13. Always Swing For The Fences
You can’t plug away every day only doing base hits, you need to fo for the home run. This relates to the main thing-if you focus on the main thing, you have to be able to say no to other really good opportunities, The key is to service the main thing like delivering the best customer experience consistently. McKinsey and Company did a study that proved companies that consistently delivered a 5 out of 10 would provide an overall average higher satisfaction than inconsistent results, say with a 10 and a 1. You can’t get a 10 all the time. That’s not possible. So if you can just hit a 350 average, you’re gonna be in the Hall of Fame at the end of the year. To be successful with the main thing, deliver consistently on the basics.
14. Be Like Scott
Minson and Scott were two Arctic explorers both racing to to be first to the South Pole. They started their expeditions at roughly the same time and they had two distinctly different strategies. So Scott was the guy that was get while the getting’s good, going as far as he could on the sunny days, and on the stormy days they waited till the storm blew over
Minson, on the other hand, did what we often refer to in business as the 20 mile march. No matter what, they went 20 miles every day, whether the weather was horrendous or sunny. Of course, Minson got there first!
How many businesses do you know overextend themself when things are good, like adding on to their building or expanding with more locations. Warren Buffett said, “you never know who’s swimming naked until the tide goes out.” When the tide went out during the COVID pandemic, fitness businesses that leveraged expansions with the profits from the other successful locations were caught with zero margins and closures.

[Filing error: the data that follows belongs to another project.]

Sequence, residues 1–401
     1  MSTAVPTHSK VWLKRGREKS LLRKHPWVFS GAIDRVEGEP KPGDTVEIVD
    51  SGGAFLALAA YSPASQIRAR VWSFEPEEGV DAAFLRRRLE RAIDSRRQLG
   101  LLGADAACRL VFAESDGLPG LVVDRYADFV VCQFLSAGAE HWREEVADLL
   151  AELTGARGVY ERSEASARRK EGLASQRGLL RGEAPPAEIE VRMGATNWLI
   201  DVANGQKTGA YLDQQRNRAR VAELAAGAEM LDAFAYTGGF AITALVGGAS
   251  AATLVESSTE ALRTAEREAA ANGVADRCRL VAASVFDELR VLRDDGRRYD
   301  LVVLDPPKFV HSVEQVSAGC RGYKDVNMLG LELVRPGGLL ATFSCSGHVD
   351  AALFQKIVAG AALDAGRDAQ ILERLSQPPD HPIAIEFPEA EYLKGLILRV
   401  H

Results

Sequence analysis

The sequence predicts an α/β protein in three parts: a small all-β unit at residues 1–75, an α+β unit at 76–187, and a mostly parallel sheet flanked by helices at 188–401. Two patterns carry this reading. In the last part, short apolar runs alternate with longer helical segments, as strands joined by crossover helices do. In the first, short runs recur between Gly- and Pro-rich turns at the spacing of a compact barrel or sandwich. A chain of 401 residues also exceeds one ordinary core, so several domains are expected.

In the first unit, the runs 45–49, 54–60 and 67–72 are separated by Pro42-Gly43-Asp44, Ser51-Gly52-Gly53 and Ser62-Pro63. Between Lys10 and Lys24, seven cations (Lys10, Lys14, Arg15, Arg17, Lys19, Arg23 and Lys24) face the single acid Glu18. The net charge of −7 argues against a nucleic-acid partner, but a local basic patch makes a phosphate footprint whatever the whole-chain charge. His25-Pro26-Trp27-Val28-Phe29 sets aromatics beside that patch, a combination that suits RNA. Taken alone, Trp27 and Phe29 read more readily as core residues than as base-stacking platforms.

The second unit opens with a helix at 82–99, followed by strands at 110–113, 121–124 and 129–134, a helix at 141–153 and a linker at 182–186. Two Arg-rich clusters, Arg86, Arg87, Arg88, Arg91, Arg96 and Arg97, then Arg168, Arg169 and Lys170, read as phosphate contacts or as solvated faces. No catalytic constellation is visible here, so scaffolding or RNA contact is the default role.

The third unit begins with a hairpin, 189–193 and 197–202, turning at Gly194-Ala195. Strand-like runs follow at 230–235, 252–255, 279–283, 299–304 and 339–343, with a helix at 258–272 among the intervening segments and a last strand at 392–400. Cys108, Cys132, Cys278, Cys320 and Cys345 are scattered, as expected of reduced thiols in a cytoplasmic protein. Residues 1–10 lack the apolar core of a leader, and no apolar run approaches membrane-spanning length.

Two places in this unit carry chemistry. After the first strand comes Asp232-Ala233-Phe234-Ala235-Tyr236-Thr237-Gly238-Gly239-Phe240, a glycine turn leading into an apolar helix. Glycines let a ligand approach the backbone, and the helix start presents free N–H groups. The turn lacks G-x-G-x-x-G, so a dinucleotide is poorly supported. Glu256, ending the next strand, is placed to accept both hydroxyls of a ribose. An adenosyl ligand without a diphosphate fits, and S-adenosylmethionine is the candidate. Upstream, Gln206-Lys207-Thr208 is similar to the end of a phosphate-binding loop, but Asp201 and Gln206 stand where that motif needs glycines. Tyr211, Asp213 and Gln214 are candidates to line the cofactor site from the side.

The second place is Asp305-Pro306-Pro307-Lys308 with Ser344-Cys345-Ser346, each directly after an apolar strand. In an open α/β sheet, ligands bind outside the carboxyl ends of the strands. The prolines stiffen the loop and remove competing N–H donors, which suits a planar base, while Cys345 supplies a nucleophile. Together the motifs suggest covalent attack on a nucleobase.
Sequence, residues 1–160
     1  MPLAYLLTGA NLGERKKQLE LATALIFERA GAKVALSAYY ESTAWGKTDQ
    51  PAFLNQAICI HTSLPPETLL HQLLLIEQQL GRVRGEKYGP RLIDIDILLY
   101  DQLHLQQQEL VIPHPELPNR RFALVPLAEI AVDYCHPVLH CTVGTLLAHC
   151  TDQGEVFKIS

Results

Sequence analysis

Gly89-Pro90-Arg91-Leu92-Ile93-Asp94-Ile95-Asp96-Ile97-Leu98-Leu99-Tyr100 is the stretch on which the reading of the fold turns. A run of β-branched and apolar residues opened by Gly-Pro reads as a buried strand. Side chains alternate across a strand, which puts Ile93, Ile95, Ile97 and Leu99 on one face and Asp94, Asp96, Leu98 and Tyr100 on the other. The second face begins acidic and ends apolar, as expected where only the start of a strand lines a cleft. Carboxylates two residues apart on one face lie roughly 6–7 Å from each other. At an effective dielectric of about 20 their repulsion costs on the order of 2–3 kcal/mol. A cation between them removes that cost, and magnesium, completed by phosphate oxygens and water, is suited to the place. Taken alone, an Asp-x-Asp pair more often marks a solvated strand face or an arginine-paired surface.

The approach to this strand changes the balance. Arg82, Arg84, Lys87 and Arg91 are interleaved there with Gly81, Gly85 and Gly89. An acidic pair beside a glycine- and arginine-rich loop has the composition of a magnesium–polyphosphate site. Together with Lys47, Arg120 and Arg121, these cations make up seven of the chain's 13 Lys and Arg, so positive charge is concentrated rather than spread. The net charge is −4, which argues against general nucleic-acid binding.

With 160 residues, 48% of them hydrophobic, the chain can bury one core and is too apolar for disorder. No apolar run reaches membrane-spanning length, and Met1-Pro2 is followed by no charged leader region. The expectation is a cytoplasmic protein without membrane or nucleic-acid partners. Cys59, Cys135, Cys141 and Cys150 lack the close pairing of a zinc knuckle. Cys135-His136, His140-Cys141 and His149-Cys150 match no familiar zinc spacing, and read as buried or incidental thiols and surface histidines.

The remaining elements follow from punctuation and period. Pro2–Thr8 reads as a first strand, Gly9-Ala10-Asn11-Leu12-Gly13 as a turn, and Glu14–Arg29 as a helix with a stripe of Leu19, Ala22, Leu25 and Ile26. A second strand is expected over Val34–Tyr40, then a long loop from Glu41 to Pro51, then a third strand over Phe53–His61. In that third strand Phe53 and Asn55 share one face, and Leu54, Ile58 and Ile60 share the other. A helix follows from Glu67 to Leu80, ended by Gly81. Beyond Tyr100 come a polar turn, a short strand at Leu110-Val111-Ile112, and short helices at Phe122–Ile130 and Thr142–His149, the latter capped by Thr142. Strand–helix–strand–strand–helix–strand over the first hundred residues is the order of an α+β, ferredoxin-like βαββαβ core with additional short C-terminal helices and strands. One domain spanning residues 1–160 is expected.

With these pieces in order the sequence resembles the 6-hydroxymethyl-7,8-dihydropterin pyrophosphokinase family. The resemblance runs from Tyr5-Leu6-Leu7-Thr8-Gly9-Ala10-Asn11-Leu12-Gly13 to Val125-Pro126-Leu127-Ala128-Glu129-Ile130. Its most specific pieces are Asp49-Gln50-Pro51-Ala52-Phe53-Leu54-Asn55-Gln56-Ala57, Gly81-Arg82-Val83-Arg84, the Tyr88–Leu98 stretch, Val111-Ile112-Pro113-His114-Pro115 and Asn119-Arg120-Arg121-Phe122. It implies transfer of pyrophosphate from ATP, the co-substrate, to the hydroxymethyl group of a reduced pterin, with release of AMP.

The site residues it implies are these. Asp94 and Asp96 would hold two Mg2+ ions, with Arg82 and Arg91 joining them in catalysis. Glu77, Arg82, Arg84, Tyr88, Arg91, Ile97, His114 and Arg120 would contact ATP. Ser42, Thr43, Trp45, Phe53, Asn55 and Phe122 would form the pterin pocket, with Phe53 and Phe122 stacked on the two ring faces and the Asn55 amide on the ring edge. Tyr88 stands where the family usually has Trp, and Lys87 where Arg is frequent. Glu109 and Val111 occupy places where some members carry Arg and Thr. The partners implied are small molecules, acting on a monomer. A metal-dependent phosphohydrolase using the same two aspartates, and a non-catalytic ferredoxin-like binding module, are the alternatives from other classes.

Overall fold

So be more like Minsen and don’t be like Scott. The 20 mile march means to have the discipline when times are good and have the discipline when times are bad.
15. Get Into Politics And Make It Public
There isn’t a way to bring people together and affect your local community by being politically motivated, and then posting all of your political bullshit online. It will probably eliminates half of your customer base. It all points to controlling your emotions, you You might have strong feeling about politics, but you need to have the emotional constraint not to go online.
16. Go By What You Think And Don’t Look At The Data
Make sure you look at your data. You might think you have a good idea, but get feedback by looking at the data not just what a few people say. If you get feedback you don’t like, don’t immediately over react, but zoom out a bit. Really think about it. Is it everyone or just a few people saying they dislike something. Is it overwhelming evidence? Does the data backup your feelings about what somebody is telling you?